In partnership with: Utah Division of State Parks and Recreation, The Friends of the Utah Avalanche Center, Utah Department of Emergency Services and Homeland Security and
ďkeeping you on topĒ
March 28, 2007† 7:30 am
Good morning, this is Brett Kobernik with the
The storm is officially a bust!† Donít get me wrong, thereís still fresh powder to go out and enjoy but we wonít see the 20 to 30 inches which was originally possible.† Storm totals as of 6:30 this morning are 4 to 9 inches fairly evenly distributed from the Provo mountains through the Salt Lake mountains and into the Ogden area with a little less in the Park City areas.† Snow tapered off overnight but has started back up.† Mountain temperatures are in the upper teens to mid 20s and winds really dropped off overnight and are currently from a northerly direction at less then 10 mph at most stations.† If you havenít been out in a while keep in mind that you may find dirt and rocks under the new snow in some locations due to our recent melt down.
Snow and Avalanche Discussion:
You had to stay out late to see any avalanche activity on Tuesday which consisted of minor sluffing within the new snow.† A period of convective weather produced thunder, lightning, some large graupel and heavier density snow to start the storm out.† This bonded to the old snow surface quite well.† Lighter density snow followed in a period of high snowfall rates where a person could initiate sluffing.† Snow tapered off mid evening which gave it some time to settle but has started again with a period of 2 inches an hour from 5 to 6 am.† (click the Photos link on the left for some observations)
The main concern for today will be within the new snow.† People may be able to initiate sluffing and if itís on a sustained enough slope could produce a small to medium sized pile of debris, maybe even enough to knock you over.† Also, you might find a small wind drift that may crack along the higher ridgelines but this will be spotty at best unless the winds pick up late today.†
Bottom Line for the
The avalanche danger is generally LOW this morning on most slopes.† There is a pockety MODERATE danger for sluffing of the new snow and the occasional wind drift along exposed ridges.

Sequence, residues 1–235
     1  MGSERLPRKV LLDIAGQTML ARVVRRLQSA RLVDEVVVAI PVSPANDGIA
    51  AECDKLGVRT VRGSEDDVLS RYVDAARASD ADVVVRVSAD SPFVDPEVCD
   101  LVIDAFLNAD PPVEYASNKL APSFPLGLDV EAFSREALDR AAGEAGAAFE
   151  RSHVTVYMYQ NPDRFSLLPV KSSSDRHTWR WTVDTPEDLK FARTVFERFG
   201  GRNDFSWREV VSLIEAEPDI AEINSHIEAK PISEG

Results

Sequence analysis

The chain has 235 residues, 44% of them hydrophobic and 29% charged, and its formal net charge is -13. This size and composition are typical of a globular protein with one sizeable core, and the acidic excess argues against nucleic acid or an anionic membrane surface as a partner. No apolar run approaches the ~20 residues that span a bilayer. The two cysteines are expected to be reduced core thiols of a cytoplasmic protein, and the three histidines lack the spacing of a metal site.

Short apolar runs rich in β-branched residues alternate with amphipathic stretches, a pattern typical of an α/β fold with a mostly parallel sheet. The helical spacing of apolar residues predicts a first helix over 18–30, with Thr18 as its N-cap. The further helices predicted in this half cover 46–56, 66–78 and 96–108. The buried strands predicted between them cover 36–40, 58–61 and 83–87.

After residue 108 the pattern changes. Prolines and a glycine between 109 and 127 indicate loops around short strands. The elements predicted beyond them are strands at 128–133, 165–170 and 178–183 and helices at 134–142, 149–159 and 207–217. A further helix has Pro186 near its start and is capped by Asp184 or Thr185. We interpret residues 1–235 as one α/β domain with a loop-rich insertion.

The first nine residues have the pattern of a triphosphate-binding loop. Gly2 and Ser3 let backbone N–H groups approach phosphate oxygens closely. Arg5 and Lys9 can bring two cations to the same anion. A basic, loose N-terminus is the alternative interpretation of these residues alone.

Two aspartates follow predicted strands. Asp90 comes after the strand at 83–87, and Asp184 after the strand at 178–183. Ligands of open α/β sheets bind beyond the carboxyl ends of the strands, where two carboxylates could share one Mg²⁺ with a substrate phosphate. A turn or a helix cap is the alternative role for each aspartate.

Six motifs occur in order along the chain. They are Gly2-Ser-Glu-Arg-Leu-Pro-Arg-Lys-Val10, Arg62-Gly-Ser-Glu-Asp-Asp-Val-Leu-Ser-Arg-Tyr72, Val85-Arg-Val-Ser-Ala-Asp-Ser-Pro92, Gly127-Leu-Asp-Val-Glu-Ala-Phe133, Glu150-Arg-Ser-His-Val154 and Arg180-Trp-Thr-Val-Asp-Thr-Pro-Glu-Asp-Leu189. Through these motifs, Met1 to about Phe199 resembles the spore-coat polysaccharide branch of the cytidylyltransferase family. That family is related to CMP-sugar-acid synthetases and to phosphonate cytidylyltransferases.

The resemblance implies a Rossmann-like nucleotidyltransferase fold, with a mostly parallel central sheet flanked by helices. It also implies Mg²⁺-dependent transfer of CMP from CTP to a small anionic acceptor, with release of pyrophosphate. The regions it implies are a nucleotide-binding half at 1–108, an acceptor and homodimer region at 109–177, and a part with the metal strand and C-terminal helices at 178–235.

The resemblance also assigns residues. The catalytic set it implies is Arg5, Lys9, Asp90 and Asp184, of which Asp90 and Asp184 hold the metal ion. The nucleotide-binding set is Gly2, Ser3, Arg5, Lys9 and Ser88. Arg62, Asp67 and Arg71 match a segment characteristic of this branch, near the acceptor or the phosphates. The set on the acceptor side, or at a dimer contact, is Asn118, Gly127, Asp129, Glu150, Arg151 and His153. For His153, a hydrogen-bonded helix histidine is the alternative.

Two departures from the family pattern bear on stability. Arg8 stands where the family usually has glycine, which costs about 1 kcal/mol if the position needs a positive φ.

Weíll see periods of snow during the day today with another 3 to 6 inches expected.† Not much more snow is expected tonight into Thursday. †Winds will be northerly in the 5 to 10 mph range picking up late in the day into the 10 to 15 mph range gusting into the 30s.† Ridgetop temperatures will be in the mid 20s.† Thursday will be partly cloudy with a small chance for snow in the morning along with slightly warmer temperatures and continued northerly winds in the 10 to 20 mph range.†
The Wasatch Powderbird Guides didnít fly yesterday and wonít today. For more info, call 742-2800.
The Canyons Professional Ski Partol Association is hosting a fundraiser
for the Friends of the
Listen to the
advisory.† Try our new streaming audio or
UDOT highway avalanche control work info can be found HERE or by calling (801) 975-4838.
Our statewide tollfree line is 1-888-999-4019 (early morning, option 8).
For a list of avalanche classes, click HERE
For our classic text advisory click HERE.
To sign up for automated e-mails of our graphical advisory click HERE
We appreciate all the great snowpack and avalanche observations weíve been getting, so keep leaving us messages at (801) 524-5304 or 1-800-662-4140, or email us at [email protected]. (Fax 801-524-6301)
The information in this advisory is from the U.S. Forest Service, which is solely responsible for its content.† This advisory describes general avalanche conditions and local variations always occur.